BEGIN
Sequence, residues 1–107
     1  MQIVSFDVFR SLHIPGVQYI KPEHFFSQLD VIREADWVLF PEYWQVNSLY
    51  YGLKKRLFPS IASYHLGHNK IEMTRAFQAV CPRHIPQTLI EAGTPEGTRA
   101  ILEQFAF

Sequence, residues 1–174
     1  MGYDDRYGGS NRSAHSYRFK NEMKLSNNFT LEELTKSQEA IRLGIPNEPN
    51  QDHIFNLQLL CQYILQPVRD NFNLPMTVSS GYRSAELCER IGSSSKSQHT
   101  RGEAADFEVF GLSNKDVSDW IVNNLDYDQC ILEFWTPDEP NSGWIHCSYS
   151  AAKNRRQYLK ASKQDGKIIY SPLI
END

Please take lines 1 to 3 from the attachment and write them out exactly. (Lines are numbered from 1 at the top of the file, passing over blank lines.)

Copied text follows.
Sequence, residues 1–107
     1  MQIVSFDVFR SLHIPGVQYI KPEHFFSQLD VIREADWVLF PEYWQVNSLY
    51  YGLKKRLFPS IASYHLGHNK IEMTRAFQAV CPRHIPQTLI EAGTPEGTRA